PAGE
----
Saints-Pierre-and-Paul - Rosheim

Restoration of the André Silbermann 1734 -Stiehr 1859 - organ in the Saints-Pierre-et-Paul church in Rosheim

The restoration of this organ, which could have been considered routine, turned out to be one of the most complex and instructive, both in terms of restoring the pipes and voicing. While the position of the instrument and the modifications made between 1859 and 1863 by Stiehr may disappoint Silbermann enthusiasts, we came across a wealth of information about Silbermann organ pipes along our work.

Our experience of restoring and rebuilding Silbermann organs has enabled us to appreciate the incredible state of conservation of the pipes and its special features. In terms of pipe feature and voicing, this is undoubtedly one of the most important examples of Silbermann organ. Only the Cornet Plein-Jeu pipes from the organ in the Musée des Arts Décoratif, or the Cornet d'Écho pipes from Marmoutier, can rival the Rosheim pipes in terms of André Silbermann's art of voicing. We can even confirm that the Grand-Orgue is in its original condition, with the original foot openings, teeth and labium heights.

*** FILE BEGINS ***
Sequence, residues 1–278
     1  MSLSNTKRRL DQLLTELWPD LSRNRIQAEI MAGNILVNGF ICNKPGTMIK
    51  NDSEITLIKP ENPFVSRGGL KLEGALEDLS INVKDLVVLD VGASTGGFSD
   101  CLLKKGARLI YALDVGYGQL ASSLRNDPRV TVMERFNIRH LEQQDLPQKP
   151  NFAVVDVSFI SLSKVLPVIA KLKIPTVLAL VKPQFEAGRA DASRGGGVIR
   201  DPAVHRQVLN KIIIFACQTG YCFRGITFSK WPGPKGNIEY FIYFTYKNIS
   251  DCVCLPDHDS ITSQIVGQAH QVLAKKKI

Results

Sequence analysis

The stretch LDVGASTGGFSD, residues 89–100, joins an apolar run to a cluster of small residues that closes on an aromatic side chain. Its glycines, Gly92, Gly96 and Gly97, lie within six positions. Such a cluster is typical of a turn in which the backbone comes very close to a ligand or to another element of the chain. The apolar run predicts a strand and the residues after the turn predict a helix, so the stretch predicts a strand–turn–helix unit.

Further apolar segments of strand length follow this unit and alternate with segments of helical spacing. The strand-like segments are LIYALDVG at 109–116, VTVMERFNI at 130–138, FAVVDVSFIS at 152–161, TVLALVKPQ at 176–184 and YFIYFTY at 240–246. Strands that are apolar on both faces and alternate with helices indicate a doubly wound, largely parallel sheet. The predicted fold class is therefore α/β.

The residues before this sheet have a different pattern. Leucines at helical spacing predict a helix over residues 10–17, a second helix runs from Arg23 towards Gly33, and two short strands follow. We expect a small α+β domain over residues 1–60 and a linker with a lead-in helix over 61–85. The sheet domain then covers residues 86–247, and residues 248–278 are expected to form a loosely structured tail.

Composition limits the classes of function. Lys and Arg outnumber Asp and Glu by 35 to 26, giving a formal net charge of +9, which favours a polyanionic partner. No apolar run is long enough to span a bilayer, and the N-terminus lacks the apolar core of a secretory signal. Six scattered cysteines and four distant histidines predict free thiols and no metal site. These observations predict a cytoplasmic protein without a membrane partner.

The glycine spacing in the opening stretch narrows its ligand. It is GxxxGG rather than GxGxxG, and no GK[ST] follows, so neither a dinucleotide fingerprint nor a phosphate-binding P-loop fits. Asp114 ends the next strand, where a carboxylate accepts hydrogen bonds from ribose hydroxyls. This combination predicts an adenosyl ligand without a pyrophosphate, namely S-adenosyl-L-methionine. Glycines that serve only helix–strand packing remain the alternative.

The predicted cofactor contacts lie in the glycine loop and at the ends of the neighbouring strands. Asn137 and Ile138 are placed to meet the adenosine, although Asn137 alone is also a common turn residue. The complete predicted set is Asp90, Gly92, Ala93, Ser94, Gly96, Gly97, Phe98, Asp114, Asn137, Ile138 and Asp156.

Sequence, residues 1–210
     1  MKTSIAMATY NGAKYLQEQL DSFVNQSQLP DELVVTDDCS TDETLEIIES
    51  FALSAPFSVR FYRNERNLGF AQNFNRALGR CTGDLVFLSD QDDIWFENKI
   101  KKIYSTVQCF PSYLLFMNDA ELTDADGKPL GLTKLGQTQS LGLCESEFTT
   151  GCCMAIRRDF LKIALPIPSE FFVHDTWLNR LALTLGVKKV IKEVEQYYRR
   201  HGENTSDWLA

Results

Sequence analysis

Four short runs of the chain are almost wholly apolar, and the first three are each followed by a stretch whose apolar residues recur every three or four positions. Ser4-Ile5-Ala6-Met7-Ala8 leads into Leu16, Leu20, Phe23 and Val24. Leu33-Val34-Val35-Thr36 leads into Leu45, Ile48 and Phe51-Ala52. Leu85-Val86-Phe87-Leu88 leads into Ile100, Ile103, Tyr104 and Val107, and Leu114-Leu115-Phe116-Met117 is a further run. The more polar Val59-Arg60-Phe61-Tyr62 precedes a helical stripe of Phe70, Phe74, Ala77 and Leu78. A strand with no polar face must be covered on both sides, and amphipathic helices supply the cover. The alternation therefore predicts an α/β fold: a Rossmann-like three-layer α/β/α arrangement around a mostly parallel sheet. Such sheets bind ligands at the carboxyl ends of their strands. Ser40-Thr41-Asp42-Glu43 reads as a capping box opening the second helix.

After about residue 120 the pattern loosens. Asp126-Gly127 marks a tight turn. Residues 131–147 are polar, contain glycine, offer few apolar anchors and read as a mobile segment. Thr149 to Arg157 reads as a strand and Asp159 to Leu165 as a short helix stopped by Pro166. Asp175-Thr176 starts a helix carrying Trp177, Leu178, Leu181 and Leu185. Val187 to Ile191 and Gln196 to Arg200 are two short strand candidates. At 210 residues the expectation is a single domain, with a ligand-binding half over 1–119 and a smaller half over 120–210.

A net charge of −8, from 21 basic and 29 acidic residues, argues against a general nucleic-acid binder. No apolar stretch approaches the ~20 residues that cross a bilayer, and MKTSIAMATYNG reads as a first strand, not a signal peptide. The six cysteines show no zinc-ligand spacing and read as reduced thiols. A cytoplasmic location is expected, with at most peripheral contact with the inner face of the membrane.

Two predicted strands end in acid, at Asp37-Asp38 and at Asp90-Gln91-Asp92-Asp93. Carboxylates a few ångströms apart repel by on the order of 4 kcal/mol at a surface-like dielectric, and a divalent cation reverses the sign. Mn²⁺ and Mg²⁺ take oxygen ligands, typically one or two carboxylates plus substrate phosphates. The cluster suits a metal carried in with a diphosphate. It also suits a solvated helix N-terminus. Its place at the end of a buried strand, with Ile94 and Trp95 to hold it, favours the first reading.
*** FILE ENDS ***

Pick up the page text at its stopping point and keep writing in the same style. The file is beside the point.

The photos show Silbermann's extraordinarily well-preserved 8' Montre pipes and André Silbermann's Pedal windchests, with Stiehr's mechanic and windchests behind.

20 stops, II manuals, Pedal

Grand Orgue
48 notes (CD – c’’’) 
Positif intérieur
48 notes (CD – c’’’)
(24 notes CD – c’)
Montre 8’Bourdon 8’Sub-Bass 16’
Bourdon 8’Salicional 8’Flûte 8’
Gambe 8’Octave 4’Trombone 8’
Prestant 4’Flûte 4’ 
Flûte 4’Flageolet  2’ 
Nazard 2 2/3’Cromorne 8’ 
Doublette 2’  
Cornet 5 rgs  
Fourniture 3 rgs  
Trompette 8’ B+D  
Voix humaine 8’  

Accouplement II/I 

Tremblant doux

Stiehr built this instrument in 1859, based on the last instrument made by André Silbermann in 1734.